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What is the legal definition of good working order?

Fremont, CA |

We leased a commercial property that was a restaurant. We are using it for restaurant and are remodeling it to reopen in a few months. During remodeling, we discovered the old grease trap was deemed too small by the city. A larger grease trap must be installed or cannot be used. Our lease contract states the landlord must make sure/provide the grease trap in good working order. Does good working order mean that it functions regardless if the function is useless because it doesn't meet code requirements? Or does good working order mean it has to be to code so that it can be used?

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Attorney answers 3


I doubt there is a legal definition in this context for this term. I recommend working it out with your LL so that you can have a long / profitable history together...


I agree with Attorney Kaufman that there is no specific legal definition of “good working order”, though it may be defined in your lease. The general definition of “good working order” is that the machine or system in question functions according to its nature and purpose. While that does not specifically mention regulatory compliance, it does not rule it out either. Arguments can be made by both landlord and tenant for and against the idea that “good working order” requires the apparatus to be not only functioning but to also be compliant with all applicable regulations and codes. To determine the meaning in your lease, without a specific definition, you may have to determine the intent of the parties. One possibility would be to see if there is a separate provision in your lease that requires the premises or any equipment to be code compliant. If there is such a provision, then it can logically be inferred that “good working order” does not include compliance because there is a separate provision for compliance. Another possibility is to go back through the lease negotiations to see if there were ever discussions about compliance with regulations/codes (maybe an earlier version of the lease or the LOI had different wording that referred to compliance with applicable municipal codes). If you come up empty, then you’ll have to work it out with the Landlord. As Attorney Kaufman pointed out, you will have a long-term relationship with the Landlord, so it’s important to start off on the right foot. You should mention the grease trap to the Landlord and ask if they will split the cost of the installation or increase your tenant improvement allowance to include the cost of this improvement.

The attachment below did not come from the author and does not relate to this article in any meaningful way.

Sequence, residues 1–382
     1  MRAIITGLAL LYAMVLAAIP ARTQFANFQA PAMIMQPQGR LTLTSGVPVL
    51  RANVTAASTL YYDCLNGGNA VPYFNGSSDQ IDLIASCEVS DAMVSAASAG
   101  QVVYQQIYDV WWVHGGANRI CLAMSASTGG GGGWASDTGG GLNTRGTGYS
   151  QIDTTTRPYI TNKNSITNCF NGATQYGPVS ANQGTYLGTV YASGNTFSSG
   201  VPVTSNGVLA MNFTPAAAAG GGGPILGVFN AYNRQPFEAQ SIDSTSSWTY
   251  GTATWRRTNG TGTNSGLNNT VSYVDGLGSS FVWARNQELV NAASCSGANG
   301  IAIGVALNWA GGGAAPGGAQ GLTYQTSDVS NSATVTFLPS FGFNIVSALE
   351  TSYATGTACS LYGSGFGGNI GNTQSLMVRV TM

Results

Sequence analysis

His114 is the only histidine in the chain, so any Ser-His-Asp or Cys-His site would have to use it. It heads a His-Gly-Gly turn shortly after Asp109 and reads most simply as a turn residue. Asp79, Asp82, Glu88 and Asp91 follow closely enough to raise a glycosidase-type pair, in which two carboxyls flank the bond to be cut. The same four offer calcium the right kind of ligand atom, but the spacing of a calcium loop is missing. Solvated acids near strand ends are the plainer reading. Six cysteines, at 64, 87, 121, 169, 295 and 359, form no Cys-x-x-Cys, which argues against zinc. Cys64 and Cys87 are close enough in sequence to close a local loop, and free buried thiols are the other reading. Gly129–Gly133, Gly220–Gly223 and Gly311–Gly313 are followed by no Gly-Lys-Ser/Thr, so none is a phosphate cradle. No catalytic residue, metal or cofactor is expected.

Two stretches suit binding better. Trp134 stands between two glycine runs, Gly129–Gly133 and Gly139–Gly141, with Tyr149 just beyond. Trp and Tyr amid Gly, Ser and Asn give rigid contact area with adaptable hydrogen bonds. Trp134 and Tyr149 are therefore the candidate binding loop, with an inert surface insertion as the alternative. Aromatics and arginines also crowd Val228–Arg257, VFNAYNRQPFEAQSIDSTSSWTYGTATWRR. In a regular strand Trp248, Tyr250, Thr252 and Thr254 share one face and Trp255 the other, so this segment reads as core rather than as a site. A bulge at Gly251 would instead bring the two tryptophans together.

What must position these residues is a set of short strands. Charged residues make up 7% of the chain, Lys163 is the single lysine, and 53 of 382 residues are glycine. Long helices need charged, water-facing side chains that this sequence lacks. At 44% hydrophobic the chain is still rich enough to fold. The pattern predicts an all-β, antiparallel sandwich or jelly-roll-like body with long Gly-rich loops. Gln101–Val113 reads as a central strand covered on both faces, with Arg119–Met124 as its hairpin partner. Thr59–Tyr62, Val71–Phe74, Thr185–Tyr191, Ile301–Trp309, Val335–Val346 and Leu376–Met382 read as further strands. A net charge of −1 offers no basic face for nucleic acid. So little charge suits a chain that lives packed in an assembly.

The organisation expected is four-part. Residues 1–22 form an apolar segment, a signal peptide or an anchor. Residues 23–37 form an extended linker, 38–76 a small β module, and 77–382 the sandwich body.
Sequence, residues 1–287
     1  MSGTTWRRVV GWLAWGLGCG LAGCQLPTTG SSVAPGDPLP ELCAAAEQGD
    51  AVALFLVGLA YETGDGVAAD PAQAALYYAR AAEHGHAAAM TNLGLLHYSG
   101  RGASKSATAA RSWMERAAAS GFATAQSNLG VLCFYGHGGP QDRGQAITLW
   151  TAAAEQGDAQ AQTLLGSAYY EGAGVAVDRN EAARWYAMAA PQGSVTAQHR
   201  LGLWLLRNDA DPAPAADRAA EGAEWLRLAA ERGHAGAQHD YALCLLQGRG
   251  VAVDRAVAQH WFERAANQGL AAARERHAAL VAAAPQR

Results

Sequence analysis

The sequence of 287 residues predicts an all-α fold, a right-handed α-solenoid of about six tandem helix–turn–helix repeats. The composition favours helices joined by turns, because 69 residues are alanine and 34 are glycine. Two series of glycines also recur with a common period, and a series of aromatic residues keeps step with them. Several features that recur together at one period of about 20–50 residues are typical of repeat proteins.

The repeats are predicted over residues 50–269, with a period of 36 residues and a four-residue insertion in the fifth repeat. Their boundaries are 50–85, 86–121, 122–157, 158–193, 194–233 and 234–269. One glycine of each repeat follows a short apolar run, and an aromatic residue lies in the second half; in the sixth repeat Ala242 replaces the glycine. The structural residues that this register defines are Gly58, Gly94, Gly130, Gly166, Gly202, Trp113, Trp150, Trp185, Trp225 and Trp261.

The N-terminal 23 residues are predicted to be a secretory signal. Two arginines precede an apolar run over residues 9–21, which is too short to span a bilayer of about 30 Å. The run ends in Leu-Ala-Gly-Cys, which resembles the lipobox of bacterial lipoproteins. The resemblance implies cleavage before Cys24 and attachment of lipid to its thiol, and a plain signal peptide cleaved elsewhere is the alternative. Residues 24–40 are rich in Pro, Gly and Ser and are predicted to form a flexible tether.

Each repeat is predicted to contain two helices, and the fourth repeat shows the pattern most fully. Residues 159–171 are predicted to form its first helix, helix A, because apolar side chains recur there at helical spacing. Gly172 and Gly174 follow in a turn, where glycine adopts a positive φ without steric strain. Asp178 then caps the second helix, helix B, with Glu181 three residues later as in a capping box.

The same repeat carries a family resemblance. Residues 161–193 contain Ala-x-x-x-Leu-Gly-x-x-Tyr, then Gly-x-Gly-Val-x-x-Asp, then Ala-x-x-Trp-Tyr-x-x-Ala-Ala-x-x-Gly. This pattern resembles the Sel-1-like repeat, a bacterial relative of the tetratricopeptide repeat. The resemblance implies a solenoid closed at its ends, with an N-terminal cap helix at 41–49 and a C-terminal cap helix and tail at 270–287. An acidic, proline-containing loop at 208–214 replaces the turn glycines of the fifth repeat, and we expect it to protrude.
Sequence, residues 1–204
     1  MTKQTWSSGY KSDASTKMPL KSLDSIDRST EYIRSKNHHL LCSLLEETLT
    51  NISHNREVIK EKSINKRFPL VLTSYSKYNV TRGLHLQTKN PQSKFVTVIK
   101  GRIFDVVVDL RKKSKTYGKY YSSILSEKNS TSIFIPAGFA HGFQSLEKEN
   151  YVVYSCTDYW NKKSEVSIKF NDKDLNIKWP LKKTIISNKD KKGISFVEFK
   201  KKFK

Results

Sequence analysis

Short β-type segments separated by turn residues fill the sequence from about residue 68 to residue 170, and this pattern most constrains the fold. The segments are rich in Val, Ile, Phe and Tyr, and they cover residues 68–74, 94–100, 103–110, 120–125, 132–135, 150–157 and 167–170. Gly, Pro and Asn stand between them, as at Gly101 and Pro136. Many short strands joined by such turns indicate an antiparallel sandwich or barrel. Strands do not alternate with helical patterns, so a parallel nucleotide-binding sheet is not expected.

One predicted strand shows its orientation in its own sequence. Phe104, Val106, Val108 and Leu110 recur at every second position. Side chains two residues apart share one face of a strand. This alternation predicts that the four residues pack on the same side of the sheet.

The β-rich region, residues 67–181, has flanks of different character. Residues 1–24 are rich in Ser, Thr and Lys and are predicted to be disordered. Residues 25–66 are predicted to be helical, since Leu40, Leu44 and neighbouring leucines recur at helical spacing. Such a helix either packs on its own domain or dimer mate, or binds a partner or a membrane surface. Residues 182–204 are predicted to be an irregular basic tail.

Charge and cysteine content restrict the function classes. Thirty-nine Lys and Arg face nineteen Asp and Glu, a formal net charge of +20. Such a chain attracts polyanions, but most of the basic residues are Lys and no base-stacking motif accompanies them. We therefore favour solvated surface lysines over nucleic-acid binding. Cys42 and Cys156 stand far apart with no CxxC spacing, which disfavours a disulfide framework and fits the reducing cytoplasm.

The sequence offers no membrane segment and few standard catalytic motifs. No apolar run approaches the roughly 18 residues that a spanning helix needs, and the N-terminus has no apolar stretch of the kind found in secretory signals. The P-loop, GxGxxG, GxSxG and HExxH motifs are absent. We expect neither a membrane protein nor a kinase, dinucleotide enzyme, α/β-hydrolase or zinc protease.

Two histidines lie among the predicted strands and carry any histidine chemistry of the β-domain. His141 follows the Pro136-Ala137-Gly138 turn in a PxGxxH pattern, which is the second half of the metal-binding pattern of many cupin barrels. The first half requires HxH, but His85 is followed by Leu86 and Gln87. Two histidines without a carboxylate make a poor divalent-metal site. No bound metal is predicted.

I hope this helps and I wish you good luck.

This response does not create an attorney-client relationship and is not intended to provide legal advice for your specific situation


I agree with attorneys Scott Kaufman and Melissa Lenhard. In addition to the advice of Mr. Kaufman and Ms. Lenhard, if you cannot reach an agreement with the landlord you should speak with a Contract Attorney concerning the possibility of a rescission of contract based upon mutual mistake of fact.

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